Concerns driving investors to the security of bonds it’s at reduce the demand for oil
A black day is expected for world markets. There South African variant, new variant of the Covid-19 it is sinking the Asian stock exchanges and sliding oil prices. Operators fear it may be more contagious than the Delta and more resistant to vaccines and can inflict a severe blow to the still fragile global recovery.
Concerns driving investors to the security of bonds it’s at reduce the demand for oil for fear of new restrictions to national economies. Asian financial markets recorded the largest decline in three months. In Tokyo, the Nikkei index closed down 2.53% at 28,751.62 points. In Hong Kong, the index Hang Seng drops 2.34%, Shanghai loses 0.48% and Seoul leaves 1.42% on the ground. A downward start is also expected for the European stock exchanges.
I future on the Euro Stoxx yield 1.94%, while those on Dax in Frankfurt leave 1.76% on the ground and those on the Ftse 100 in London fell by 1.73%. Today the American markets, closed yesterday for Thanksgiving, will reopen but at reduced hours for the weekend. And a high-tension session promises to be. THE future on the Dow Jones yield 1.34%, those on the Nasdaq fall by 0.69% and those on the S & P500 mark -1.13%.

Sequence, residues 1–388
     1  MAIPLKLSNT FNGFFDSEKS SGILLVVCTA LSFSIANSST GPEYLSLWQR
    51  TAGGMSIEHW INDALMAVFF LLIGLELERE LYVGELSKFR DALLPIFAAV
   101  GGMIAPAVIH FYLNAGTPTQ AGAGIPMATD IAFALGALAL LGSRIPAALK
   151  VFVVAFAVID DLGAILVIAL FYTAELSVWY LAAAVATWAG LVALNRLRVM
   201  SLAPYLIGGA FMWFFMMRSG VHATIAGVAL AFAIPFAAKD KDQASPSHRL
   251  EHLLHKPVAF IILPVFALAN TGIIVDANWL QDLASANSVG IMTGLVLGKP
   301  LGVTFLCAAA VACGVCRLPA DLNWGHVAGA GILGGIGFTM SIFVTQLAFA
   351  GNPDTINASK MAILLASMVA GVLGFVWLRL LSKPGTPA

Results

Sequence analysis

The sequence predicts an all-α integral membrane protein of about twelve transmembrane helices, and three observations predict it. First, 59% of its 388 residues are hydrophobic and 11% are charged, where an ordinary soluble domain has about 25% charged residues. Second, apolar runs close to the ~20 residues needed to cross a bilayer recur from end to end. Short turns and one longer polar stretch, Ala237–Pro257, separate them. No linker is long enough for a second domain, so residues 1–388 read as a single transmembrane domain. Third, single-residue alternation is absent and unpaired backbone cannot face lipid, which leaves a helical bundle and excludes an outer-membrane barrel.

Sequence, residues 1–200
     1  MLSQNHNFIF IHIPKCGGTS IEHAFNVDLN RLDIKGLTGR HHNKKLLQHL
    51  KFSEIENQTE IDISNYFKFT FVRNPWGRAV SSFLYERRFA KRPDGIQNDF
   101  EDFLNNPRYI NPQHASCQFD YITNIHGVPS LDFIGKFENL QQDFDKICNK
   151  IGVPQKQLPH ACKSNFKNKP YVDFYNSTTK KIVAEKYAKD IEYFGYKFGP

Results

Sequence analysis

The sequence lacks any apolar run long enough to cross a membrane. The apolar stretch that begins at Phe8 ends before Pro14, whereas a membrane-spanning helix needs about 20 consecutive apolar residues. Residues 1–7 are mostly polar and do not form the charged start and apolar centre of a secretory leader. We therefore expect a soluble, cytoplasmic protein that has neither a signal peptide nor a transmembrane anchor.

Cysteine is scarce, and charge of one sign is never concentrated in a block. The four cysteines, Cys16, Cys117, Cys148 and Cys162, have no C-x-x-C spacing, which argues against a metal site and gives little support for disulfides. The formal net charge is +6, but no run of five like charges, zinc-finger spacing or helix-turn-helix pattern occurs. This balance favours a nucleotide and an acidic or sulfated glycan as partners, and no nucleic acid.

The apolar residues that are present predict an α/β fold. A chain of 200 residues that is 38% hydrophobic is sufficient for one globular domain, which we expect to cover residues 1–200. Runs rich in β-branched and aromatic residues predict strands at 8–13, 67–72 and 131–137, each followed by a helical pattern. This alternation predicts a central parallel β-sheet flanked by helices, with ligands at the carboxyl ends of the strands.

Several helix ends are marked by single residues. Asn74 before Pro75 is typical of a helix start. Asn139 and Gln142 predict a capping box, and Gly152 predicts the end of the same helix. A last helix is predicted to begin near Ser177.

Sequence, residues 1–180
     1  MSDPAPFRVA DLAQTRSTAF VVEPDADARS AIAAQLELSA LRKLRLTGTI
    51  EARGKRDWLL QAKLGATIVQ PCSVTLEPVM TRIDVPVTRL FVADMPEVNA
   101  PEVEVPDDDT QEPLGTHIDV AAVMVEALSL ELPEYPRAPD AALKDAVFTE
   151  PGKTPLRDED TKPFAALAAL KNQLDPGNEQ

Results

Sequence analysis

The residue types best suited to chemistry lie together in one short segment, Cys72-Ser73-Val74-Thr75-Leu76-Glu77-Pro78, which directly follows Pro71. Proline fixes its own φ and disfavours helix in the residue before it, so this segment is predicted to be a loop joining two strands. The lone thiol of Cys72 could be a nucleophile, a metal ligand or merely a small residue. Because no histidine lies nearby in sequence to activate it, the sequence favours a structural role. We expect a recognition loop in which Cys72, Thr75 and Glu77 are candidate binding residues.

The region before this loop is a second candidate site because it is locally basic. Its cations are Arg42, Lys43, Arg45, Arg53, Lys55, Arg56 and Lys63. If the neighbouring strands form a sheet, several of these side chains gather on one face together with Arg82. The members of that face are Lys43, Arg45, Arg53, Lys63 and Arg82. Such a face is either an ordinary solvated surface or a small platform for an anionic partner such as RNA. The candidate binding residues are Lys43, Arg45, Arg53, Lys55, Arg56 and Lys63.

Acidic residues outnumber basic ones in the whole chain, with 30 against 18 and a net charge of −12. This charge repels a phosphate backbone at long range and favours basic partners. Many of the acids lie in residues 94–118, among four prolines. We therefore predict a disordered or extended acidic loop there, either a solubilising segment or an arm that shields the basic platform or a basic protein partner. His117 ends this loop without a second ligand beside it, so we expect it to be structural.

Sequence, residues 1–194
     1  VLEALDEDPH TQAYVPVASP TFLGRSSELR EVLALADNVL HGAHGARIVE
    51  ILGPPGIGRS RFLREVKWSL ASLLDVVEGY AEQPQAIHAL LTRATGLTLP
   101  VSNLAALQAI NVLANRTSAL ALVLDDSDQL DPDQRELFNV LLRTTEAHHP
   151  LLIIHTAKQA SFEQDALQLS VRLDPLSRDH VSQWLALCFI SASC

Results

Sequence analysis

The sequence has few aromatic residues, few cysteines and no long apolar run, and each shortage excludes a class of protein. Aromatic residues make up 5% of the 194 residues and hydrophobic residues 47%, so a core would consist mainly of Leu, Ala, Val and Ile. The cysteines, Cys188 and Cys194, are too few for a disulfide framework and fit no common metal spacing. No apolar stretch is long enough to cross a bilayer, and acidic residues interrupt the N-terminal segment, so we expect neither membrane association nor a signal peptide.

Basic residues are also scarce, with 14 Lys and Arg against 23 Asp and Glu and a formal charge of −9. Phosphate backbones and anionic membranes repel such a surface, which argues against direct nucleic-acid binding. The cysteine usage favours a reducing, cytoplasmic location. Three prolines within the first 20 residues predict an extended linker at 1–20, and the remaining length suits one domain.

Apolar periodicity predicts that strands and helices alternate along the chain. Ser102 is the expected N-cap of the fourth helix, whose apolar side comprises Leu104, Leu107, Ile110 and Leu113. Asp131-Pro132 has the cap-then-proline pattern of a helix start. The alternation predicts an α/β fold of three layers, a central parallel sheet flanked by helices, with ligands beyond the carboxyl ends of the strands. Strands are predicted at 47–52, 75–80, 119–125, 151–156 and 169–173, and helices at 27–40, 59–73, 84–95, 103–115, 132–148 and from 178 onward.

Oil prices on Asian markets also fell sharply. I future on WTI crude oil they lost 3.19% to 75.89 dollars a barrel while those on Brent left 2.58% on the ground at 80.10 dollars a barrel. To weigh are the fears of a global supply surplus in the first quarter following a coordinated release of crude oil reserves among major consumer countries, coordinated by the United States, and concerns about the effects of the new Covid-19 variant.
OPEC has warned that the release of crude oil reserves decided by the US in coordination with China, India, South Korea, Japan and Great Britain, will increase the already forecast oil surplus on the market by 1.1 million barrels per day in 2022. Meanwhile, some members of the oil cartel have reported that the release of strategic reserves could lead the coalition to hold back its crude oil supply in January.